FULL-TIME 4X4 AND TRIPLE DIFF LOCKS IN A BARE-BONES FOUR-SEAT WAGON

4 x 4 Australia - - Driven -

MERCEDES-BENZ’S iconic G-wa­gen was de­vel­oped more than 40 years ago to trans­port mil­i­taries across the deserts of North Africa and the Mid­dle East, so it’s only fit­ting that when a new vari­ant ar­rived in Aus­tralia, Benz chose to take it to the desert. De­spite a much-pub­li­cised 2011 ex­pe­di­tion on the Can­ning Stock Route, where failed shock ab­sorbers brought the me­dia con­voy to a halt, Benz has been brave enough to do it again, this time choos­ing an east-to-west cross­ing of the Simpson Desert.

The new vari­ant is the G300 CDI Pro­fes­sional wagon, which joins the cabchas­sis vari­ant as the work­horse mod­els in the G range. The G-pro wagon uses the same 3.0-litre diesel V6 en­gine, five-speed au­to­matic trans­mis­sion, full-time 4x4 and triple dif­flocked driv­e­line as the cab-chas­sis, in a bare­bones four-seat, five-door wagon.

The desert con­voy in­cluded three G300 wag­ons and two cab-chas­sis vari­ants, as well as two left-hand drive G500 wag­ons be­long­ing to ex­plorer Mike Horn, who joined us to make this trip. Driv­ers came from me­dia out­lets around the world, most of whom had never even been to Aus­tralia be­fore, let alone vis­ited

the re­mote and rugged ter­rain of the Out­back.

As the con­voy filed out of Birdsville the new­bies were given a bap­tism of sand as we hit Big Red, the big­gest of the 1100-odd sand dunes, that marks the east­ern edge of the Simpson. With tyre pres­sure dropped, they soon learned the ca­pa­bil­i­ties of the ve­hi­cles and the work­ings of the low-range trans­mis­sion and dif­fer­en­tial locks. G-wa­gen ex­pert and fac­tory test driver Er­win Wonisch was on hand to help with the in-the-field train­ing, and it wasn’t long be­fore every­one was an ex­pert and we ven­tured far­ther west.

The new ex­pe­ri­ences for the in­ter­na­tional con­tin­gent con­tin­ued when the sun went down, as they rolled out swags for the first time and spent their first night un­der the stars, where the Milky Way shines brighter than any­where else.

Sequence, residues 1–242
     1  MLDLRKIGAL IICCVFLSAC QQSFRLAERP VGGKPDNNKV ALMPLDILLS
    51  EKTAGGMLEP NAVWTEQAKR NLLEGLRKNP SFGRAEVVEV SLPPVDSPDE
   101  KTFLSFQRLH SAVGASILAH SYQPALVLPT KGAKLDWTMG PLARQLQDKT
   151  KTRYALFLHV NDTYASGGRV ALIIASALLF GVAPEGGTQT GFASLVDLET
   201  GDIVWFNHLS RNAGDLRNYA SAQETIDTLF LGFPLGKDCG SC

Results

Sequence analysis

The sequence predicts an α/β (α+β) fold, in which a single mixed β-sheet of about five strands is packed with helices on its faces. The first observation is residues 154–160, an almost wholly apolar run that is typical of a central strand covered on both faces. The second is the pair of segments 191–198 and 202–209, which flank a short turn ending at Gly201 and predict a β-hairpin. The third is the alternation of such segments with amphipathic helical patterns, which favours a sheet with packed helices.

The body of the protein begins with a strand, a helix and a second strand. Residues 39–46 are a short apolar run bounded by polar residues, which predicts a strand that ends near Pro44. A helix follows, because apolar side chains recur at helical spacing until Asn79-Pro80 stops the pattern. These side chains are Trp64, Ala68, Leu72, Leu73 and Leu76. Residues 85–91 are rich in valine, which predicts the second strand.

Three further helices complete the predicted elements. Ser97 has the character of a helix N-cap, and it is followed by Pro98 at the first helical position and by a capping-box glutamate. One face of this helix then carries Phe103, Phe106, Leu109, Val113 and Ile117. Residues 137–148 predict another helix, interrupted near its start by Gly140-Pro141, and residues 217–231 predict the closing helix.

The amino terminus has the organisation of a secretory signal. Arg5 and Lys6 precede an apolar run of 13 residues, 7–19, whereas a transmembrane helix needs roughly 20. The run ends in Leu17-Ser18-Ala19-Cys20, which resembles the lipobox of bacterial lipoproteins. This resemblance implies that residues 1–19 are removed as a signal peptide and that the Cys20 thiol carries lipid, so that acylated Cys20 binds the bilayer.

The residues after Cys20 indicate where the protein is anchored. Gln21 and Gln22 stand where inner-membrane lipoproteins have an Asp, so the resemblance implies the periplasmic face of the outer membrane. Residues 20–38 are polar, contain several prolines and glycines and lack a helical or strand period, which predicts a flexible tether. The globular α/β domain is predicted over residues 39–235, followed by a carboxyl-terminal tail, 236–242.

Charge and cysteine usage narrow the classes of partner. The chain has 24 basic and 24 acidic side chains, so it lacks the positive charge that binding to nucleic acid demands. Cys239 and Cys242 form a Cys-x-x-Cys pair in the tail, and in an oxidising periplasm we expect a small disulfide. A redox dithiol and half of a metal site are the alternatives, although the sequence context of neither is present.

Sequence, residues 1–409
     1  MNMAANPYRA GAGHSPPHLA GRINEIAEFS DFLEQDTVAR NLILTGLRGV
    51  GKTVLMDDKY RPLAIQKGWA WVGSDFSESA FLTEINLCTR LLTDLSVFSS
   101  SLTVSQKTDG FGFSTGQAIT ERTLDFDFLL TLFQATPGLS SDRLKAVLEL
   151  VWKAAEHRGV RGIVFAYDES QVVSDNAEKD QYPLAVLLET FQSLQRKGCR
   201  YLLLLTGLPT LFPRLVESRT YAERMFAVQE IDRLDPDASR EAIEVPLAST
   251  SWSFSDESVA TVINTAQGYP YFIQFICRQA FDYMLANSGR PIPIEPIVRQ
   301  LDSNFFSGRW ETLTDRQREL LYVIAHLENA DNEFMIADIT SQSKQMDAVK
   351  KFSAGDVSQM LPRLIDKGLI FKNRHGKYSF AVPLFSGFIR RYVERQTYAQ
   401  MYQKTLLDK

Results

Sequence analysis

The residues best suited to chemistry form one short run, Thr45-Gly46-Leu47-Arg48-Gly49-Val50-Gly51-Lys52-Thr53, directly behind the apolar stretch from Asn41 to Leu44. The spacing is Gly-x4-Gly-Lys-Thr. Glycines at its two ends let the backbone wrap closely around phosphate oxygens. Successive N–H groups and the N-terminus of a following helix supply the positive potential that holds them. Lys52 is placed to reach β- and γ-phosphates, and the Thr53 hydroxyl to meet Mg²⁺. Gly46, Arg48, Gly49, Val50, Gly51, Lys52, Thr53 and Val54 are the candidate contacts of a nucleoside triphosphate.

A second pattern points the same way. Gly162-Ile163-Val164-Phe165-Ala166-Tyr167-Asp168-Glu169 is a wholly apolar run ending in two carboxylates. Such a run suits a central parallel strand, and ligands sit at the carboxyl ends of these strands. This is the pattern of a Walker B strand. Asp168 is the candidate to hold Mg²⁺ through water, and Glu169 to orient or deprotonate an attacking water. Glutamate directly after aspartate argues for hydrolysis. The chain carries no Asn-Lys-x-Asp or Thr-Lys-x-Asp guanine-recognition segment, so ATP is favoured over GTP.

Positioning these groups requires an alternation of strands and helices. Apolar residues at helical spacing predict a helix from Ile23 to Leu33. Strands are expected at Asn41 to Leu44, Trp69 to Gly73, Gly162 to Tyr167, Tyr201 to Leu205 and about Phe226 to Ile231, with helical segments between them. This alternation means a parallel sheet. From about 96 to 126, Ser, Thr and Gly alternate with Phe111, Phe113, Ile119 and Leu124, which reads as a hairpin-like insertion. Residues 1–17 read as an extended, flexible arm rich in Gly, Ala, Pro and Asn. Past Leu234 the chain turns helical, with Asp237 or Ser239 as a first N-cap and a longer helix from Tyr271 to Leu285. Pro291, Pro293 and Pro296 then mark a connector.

The ad­ven­ture took three days to reach Dal­housie Springs via The QAA Line, French Line, Poep­pel Cor­ner, Knolls Track and the WAA

WITH ITS LONGER WHEEL­BASE, THE CAB-CHAS­SIS RIDES BET­TER AND AMBLED OVER DUNES

Line. The Gs took on the dunes with ease and ate up the flat­ter track sec­tions. The loaded cab-chas­sis felt the best in the rough stuff, while the bel­low­ing V8s of the G500s sounded killer as they roared up the dunes.

Af­ter a warm swim and quick shower at Dal­housie, the trip broke north to ex­plore the his­tory of Old An­dado Sta­tion and be re­galed around the camp­fire by care­taker Cobby Bob’s bush po­etry. Mount Dare to Finke and some rocky pri­vate prop­erty tracks near Mount Oo­raminna showed the Out­back in a vastly dif­fer­ent light to the sandy deserts of the days previous, but the jewel in the crown lay ahead as the jour­ney was com­pleted un­der the mas­sive rock domes of Uluru – Kata Tjuta.

The seven G-wagens cov­ered more than 3000 Out­back kilo­me­tres (when you in­clude the drive to Birdsville from the east coast) with­out a fault – and all shock ab­sorbers worked as they should, to the re­lief

THE SEVEN G-WAGENS COV­ERED MORE THAN 3000 OUT­BACK KM WITH­OUT A FAULT

of the Mercedes-benz Aus­tralia team. The G-pro 461 ve­hi­cles use a heav­ier duty oil-filled shock ab­sorber rather than the gas-filled AMG shocks on the 463 Gs that failed on the Can­ning, and these are ob­vi­ously bet­ter suited to the pun­ish­ing Aus­tralian ter­rain. The tor­tur­ous ter­rain didn’t even claim a tyre on this trip, as the Pro­fes­sion­als are all fit­ted with BF Goodrich all­ter­rain tyres on 16-inch al­loy wheels as standard.

It’s this standard equip­ment, along with its sim­ple and pure de­sign, that makes the G-pro­fes­sional the ob­vi­ous choice for ex­pe­di­tion work like this desert trip. While they may miss out on the lux­ury fea­tures of the 463 mod­els, the Pro­fes­sion­als have the gear you re­ally need for re­mote-area tour­ing.

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